Layoffs boosted CEO pay

While America's unemployment rate continues to climb, the fat cat chief executives are cashing in. In fact, they are making money off the jobless.

Research released by the left leaning Institute for Policy Studies found that the CEOs who sacked the most workers took the home the biggest pay rises. By sacking workers, they cut costs which drove up their profits which increased their bonuses.

"In 2009, the CEOs who slashed their payrolls the deepest took home 42 percent more compensation than the year's chief executive pay average for S&P 500 companies. Most careful analysts of the high-finance meltdown that ushered in the Great Recession have concluded that excessive executive compensation played a prime causal role. Outrageously high rewards gave executives an incentive to behave outrageously, to take the sorts of reckless risks that would eventually endanger our entire economy," the Institute says.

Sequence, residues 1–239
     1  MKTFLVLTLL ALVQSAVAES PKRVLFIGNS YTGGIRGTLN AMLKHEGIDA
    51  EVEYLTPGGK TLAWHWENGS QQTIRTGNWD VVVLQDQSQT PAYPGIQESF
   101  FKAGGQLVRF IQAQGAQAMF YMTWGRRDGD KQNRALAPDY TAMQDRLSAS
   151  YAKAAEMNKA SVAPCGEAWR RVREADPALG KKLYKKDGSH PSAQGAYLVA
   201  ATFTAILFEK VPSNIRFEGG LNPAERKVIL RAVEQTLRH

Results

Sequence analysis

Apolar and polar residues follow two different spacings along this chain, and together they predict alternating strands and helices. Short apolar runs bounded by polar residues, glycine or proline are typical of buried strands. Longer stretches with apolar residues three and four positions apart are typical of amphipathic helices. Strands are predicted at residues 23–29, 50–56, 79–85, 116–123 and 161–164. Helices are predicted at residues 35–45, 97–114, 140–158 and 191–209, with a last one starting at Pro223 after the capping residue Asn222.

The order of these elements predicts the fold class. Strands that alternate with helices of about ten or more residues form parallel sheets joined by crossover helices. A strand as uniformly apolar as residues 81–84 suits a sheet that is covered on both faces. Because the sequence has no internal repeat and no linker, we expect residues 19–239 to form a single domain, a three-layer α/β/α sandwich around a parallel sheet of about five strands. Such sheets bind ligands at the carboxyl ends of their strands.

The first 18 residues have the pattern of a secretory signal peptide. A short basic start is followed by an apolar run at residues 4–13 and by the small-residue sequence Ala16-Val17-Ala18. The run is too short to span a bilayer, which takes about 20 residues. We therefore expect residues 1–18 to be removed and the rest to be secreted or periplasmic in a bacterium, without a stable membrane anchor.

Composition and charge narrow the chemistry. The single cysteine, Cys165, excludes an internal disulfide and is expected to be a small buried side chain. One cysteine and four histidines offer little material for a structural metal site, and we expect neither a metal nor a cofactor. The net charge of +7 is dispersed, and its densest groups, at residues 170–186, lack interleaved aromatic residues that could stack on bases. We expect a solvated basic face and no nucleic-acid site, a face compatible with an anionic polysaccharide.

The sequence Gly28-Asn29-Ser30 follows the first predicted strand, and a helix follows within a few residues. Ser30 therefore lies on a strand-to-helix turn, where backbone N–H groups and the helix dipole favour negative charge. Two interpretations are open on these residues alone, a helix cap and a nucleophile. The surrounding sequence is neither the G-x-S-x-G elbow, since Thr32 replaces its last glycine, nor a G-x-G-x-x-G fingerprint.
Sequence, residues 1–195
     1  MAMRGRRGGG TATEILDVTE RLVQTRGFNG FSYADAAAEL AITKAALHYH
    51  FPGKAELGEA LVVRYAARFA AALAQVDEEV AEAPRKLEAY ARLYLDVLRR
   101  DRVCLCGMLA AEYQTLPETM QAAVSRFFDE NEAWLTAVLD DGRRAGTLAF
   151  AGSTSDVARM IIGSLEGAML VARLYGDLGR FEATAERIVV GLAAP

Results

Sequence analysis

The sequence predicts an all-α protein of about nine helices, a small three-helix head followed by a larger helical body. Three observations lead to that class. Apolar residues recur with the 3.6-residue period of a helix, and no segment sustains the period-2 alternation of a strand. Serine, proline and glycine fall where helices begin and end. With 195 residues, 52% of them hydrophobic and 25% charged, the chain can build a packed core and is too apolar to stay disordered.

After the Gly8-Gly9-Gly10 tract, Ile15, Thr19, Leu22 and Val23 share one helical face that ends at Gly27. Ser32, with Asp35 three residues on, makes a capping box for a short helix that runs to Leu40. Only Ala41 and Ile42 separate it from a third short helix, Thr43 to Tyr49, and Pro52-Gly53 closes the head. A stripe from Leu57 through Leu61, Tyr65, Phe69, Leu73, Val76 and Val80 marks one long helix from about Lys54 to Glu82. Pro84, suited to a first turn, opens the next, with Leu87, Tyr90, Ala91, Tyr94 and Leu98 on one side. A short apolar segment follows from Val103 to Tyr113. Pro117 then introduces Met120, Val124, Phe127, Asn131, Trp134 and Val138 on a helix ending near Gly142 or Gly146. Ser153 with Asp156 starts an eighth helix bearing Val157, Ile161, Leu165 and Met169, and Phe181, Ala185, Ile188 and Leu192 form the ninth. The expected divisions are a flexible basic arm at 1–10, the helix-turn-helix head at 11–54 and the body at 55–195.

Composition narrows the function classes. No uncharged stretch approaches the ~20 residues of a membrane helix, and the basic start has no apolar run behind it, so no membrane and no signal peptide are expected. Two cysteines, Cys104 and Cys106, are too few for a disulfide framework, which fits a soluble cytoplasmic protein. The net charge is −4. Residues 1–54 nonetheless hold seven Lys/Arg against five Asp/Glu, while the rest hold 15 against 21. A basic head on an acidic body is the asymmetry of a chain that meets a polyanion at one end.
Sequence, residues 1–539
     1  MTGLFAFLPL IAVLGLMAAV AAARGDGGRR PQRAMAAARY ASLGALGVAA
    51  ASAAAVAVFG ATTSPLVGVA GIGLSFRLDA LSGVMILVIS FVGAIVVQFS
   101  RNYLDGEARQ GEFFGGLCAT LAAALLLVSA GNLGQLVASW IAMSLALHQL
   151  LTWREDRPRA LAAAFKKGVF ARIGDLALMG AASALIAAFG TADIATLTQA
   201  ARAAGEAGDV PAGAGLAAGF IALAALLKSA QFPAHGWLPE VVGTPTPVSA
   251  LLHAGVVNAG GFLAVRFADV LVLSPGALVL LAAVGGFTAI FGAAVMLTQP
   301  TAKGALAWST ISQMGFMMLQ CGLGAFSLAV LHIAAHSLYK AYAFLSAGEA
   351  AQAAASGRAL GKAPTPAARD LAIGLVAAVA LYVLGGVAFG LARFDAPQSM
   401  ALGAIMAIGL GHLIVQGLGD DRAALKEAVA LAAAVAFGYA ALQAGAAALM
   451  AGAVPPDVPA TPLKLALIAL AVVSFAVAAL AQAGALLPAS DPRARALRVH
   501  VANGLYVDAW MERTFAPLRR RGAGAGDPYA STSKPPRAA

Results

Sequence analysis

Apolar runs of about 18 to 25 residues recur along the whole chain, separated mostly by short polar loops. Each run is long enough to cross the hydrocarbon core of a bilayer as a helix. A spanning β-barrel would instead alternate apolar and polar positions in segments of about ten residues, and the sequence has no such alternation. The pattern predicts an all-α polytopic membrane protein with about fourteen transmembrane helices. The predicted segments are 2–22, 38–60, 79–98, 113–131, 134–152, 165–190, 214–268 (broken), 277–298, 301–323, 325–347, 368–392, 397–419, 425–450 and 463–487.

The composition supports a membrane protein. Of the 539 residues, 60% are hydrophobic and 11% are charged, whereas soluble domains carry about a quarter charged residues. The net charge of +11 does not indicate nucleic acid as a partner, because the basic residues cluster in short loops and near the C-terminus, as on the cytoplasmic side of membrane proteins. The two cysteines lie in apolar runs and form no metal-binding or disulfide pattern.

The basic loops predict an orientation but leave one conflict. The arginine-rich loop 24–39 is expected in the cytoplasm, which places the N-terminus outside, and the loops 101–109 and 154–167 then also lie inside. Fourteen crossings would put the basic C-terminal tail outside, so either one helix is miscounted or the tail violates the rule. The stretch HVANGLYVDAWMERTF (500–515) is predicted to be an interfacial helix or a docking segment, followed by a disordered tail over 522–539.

The Institute found that the average CEO on its list of the 50 layoff leaders made $12 million in 2009 compared to the average $8.5 million that CEOs at S&P 500 companies received. The average CEO on the list announced 10,627 layoffs at his or her company between November 2008, and April 2010.

In other words, chief executives cashed in on layoffs. Just the sort of stuff that is fuelling the populist anger sweeping America now.


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